The steels, autos, tires, chemicals, and other cyclical stock issues popped up like crocuses on Wall Street last week. "These stocks have been overlooked for the past two years," notes Bruce Rehr, the chairman of the Penn Square Mutual Fund, a $160 million fund that invests primarily in such stocks.
"It's been a long time since investors have seen these issues bloom," agrees Ralph Acampora, vice-president for technical research at Kidder, Peabody & Co. However, Mr. Acampora notes, "these issues have been under accumulation for some time -- at least over the last six months."
Investors have shied away from the stocks, says Mr. Rehr, because of the feeling that the companies would be vulnerable to federal controls or regulations. Now, he notes, "there is more interest in them because of less talk about government regulations and more liberal depreciation allowances. The big beneficiaries of any tax relief will be the larger companies." At the same time, he comments, "these companies have been undervalued for years. They have a low price-to-earnings multiple, high book value, and high yield. Investors are getting a bargain here."
To Mr. Acampora, the portfolio shift has a lot to do with the big profits that investors made in the oil stocks over the last two years. "Now," he explains, "they are taking profits in the oils and reemploying them in the cyclicals. "It's just a natural part of the rotation."
And Robert Farrell, a vice-president at Merrill Lynch, Pierce, Fenner & Smith Inc., the big brokerage house, wrote recently that "the stage appears to be set for a better performance for such groups as the old nifty-fifty and many basic cyclicals." Mr. Farrell observed, "New government policies appear likely to help reverse the trends that made our industries less competitive in world markets during the 1970s. Futhermore, many traditional industries are streamlining --closing inefficient plants and selling unprofitable divisions."
However, not all investors are certain that the shift into the cyclicals is anything more than a slight turn in the market. Monte Gordon, director of research at the Dreyfus Corporation, says "the cyclicals are absorbing money, but they don't have the sense of leadership about them. They aren't acting like a lightning rod, drawing in money in unrestrained quantities." When the oil stocks and the high technology stocks were in vogue, Mr. Gordon observes, "the buying interest was unrelenting."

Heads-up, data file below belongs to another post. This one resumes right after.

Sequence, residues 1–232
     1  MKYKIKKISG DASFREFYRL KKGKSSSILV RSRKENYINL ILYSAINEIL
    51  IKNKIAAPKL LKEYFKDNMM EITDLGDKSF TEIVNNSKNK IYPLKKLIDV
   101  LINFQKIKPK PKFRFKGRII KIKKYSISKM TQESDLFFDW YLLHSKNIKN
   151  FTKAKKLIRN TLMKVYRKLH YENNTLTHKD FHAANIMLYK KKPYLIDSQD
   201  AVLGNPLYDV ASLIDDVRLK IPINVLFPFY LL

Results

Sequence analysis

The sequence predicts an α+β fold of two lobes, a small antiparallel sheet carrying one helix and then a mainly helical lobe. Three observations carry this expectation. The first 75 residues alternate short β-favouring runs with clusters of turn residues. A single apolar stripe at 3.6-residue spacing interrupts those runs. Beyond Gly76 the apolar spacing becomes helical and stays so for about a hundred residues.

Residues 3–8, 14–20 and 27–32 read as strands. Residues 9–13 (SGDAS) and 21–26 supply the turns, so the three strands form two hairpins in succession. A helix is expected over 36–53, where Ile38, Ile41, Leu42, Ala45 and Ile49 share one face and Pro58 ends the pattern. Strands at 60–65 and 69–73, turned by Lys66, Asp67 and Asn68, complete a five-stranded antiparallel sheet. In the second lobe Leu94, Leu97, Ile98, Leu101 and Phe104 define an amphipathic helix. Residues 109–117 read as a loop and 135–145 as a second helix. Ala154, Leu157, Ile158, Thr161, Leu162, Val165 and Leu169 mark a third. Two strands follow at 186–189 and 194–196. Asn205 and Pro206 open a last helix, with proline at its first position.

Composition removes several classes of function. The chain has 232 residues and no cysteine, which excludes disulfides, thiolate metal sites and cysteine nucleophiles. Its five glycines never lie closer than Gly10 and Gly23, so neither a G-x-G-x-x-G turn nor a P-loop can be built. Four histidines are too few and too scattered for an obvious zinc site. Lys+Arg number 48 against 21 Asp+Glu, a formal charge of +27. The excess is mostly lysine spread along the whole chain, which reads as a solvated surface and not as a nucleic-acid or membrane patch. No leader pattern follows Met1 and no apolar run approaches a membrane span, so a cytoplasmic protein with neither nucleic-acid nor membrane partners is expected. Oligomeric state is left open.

One of the reasons behind the buying in the auto stocks was a new buy recommendation on General Motors by Harvey Heinbach, vice-president at Merrill Lynch. Mr. Heinbach says of GM, "Its strong product and financial positions leave it well placed to weather the current storm.In our opinion the stock should be bought while the sales and production picture is still weak, and before investors begin focusing on 1982 recovery prospects."
Investors have also been favorably impressed with the steel industry by the upsurge in orders. According to Iron Age magazine, some major producers finished February "with order rates approaching 100 percent of capacity." One of the reasons for this upswing is the relatively low level of inventories.
When is less more?
When it's imported oil. The Department of Commerce reported last week that US oil imports were off 19.8 percent from 8.75 million barrels of oil per day in 1979 to 7.01 million barrels of oil per day in 1980. However, because of price increases, the total bill rose by 29 percent to $82 billion.
The stock market had its second best week since President Reagan was elected. For no particular reason stocks began rallying on Wednesday afternoon and continued through Friday. For the week, the Dow Jones industrial average picked up 38.49 points, closing at 974.58. Volume was relatively heavy.
Because of the heavy concentration of blue chip stocks in the Dow, the average performed better than the market as whole. Newton Zinder, a well-known analyst with E. F. Hutton, noted, "As even a novice chart reader can see, the blue chip index has clearly broken out on the upside of a lateral five-week trading range. . . ."